Denise Billen-Mejia 11:19
You don't even have that now for the whole appointment!
Larry Elman 11:22
Exactly! And they said, so your induction takes a matter of seconds, or at worst, a minute or two. We've seen that on stage repeatedly. That would make hypnosis available for the doctor. The second thing is, the hypnosis school taught us that only 40 to 60% of humanity can ever be hypnotised. That makes it unusable for the doctor because he doesn't know...
Denise Billen-Mejia 11:55
Who it is
Larry Elman 11:56
Or can't be. But we're watching you get between 95% and 100 means you know, something they don't. And finally, and this is the important one every post-hypnotic you've given on every show we've seen has been followed. If a physician gives a post-hypnotic suggestion. It needs the same reliability as the prescription script that you hand to the patient to take to the drugstore. If you can teach us those three things, you have taught us medical hypnosis.
Denise Billen-Mejia 12:31
Larry Elman 12:33
So the course opened with those three things being what was announced, and what was pushed. I attended the course starting in about August of 1950. Which means I was probably in the third or fourth course that he gave. The introduction, that those are the three things we're going to concentrate on. With dad at that point saying to the doctors, remember, you know, medicine, I know hypnosis, I want the class handled like a seminar, in that I want you feeling free to ask questions, or to bring up ideas. I will learn from you as you learn from me, because if you look back at society at that time, physicians were way up here.
Denise Billen-Mejia 13:25
I know I missed those days!
Larry Elman 13:27
They were totally respected. So for this guy off the stage, to say I will respect you, meant that they should respect him.
Denise Billen-Mejia 13:40
Martin Furber 13:40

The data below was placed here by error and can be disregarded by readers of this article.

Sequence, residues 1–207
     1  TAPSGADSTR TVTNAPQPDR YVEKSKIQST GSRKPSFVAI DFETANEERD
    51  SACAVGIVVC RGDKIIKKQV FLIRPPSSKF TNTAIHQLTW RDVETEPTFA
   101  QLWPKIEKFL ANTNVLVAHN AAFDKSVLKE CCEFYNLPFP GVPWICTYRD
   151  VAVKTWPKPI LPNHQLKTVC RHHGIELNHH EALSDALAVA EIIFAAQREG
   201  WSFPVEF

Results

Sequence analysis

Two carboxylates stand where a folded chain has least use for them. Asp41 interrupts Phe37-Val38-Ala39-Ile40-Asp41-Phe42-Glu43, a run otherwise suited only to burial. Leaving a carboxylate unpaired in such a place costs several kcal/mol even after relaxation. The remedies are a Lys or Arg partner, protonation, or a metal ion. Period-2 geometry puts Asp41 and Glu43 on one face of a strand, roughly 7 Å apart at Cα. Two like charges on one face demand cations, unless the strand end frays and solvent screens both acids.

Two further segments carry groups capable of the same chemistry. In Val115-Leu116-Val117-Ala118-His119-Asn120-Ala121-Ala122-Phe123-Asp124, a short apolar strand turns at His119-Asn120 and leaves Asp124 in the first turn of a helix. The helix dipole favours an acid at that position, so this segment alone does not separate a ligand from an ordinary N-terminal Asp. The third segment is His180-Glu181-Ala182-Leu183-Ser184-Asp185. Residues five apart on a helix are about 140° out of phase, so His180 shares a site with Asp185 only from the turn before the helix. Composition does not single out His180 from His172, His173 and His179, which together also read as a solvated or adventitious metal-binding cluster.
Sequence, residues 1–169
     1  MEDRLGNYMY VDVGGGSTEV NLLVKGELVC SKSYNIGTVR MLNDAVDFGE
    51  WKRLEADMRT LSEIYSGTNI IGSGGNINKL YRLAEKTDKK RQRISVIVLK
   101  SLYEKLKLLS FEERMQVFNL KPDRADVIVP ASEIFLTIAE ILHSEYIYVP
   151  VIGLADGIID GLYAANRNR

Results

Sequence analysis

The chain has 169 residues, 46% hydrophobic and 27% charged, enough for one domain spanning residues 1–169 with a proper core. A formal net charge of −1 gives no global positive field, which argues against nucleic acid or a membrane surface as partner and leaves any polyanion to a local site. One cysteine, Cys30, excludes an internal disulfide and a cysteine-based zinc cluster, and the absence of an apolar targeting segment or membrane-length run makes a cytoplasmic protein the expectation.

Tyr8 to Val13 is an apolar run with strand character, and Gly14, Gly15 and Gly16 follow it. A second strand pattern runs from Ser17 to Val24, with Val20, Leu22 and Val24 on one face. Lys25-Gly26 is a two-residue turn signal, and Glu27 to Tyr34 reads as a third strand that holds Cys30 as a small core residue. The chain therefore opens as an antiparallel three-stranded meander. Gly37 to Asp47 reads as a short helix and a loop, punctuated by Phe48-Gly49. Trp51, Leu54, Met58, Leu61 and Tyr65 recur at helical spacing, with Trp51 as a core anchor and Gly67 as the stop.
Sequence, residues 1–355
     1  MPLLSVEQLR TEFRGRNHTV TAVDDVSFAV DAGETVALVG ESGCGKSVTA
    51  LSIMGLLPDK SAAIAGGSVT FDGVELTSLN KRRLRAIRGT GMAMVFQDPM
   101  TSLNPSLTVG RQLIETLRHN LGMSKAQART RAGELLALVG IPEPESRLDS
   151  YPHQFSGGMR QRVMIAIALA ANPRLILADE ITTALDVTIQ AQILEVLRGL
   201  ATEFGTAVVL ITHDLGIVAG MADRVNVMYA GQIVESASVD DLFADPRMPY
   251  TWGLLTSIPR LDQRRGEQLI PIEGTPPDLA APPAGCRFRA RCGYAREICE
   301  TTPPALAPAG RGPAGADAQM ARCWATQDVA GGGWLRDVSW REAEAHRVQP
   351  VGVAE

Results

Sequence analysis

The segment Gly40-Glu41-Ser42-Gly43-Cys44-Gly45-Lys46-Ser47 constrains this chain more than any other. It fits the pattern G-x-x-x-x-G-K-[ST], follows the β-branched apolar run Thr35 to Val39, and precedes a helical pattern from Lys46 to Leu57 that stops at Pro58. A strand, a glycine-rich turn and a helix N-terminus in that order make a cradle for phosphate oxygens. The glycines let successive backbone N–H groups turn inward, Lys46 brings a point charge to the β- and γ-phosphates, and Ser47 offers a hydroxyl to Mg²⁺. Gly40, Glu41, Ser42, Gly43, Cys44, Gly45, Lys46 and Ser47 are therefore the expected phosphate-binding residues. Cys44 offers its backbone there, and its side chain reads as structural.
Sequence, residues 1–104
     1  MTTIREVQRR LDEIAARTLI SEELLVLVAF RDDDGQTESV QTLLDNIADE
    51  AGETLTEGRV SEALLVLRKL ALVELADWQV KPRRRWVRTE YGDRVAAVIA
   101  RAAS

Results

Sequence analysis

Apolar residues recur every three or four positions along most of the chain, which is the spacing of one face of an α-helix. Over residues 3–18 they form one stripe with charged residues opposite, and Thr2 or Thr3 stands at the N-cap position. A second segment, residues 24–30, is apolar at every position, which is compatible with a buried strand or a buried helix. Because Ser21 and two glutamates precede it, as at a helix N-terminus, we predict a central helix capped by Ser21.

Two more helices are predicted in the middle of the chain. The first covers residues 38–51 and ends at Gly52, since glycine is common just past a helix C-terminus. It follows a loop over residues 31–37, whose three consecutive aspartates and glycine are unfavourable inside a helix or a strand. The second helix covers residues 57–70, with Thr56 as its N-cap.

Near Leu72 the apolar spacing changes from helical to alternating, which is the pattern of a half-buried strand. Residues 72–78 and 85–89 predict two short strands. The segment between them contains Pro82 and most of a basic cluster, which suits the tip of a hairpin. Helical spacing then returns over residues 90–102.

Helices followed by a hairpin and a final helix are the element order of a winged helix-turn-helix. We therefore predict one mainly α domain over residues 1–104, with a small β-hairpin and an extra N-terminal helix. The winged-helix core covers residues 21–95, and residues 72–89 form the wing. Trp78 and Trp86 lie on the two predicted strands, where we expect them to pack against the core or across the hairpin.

So, so sorry. Can I just interrupt you there, Larry? Would this, this, time period that would coincide with when the American Medical Association and the British Medical Association, both state...What were the statements they made Denisec about using hypnosis in medicine?
Denise Billen-Mejia 13:58
Well, they all said that, but both of them said it should be part of the standard medical education, it should be part of our general armamentarium just as drugs and surgery are. So this should be, and it's, again, it's complementary. The problem is when people try to make it...Everything gets very, very popular it could do this, or it can do this. And now it can do the laundry and it can do this. And then and then it fails to do one thing. And it's like, throw it all out again. And just so fed up with this. We're constantly reinventing the wheel. This is such an incredible you have to check this out. I'm on my soapbox. This, this is the point of hypnosis. It helps a job to support their patients so they can follow the things they need to do for effort because everything affects your health. Your attitude to your doctor affects yourself. Placebo Yeah, terrible word don't ever use. That's 50% of medicine. You write them a prescription, the placebo of writing them a prescription does a lot of the work. Anyway, sorry, you're not interviewing me! Talk to Larry
Larry Elman 15:06
What you're pushing... we're simpatico.
Martin Furber 15:10
Exactly, yes. And I'm leaving it all in.
Cheryl Elman 15:15
You know, it is interesting because in medicine, if a doctor makes a mistake, you know, they may get to, they may be, but they don't automatically lose their licence, and they don't automatically all around the world go medicine doesn't work!
Denise Billen-Mejia 15:31
Cheryl Elman 15:31
As you were saying, Denise, that when you when, when there's an incident with a hypnotist, maybe they did something beyond their scope of practice...
Denise Billen-Mejia 15:44
And I was thinking, actually, most of the, the bad press that we get are when people are doing stage shows for freshmen at university, and they've got a huge audience, you can't monitor such a huge audience or somebody will have an abreaction. Not dangerous, unpleasant, but not dangerous, with no real sequela to be pretty medical, but it gets plastered in all the newspapers. And unfortunately, that means that people say, Oh, that won't work that. Hello pussycat!. And so yeah, I must admit, I have a prejudice against stage shows. But not because I don't respect the abilities of those hypnotists. But because I worry that, that so many people see them and think that's a trick, you know, that you almost need, like, here's this little booklet of what we're doing today. So people can know more about what's actually happening.
Cheryl Elman 16:44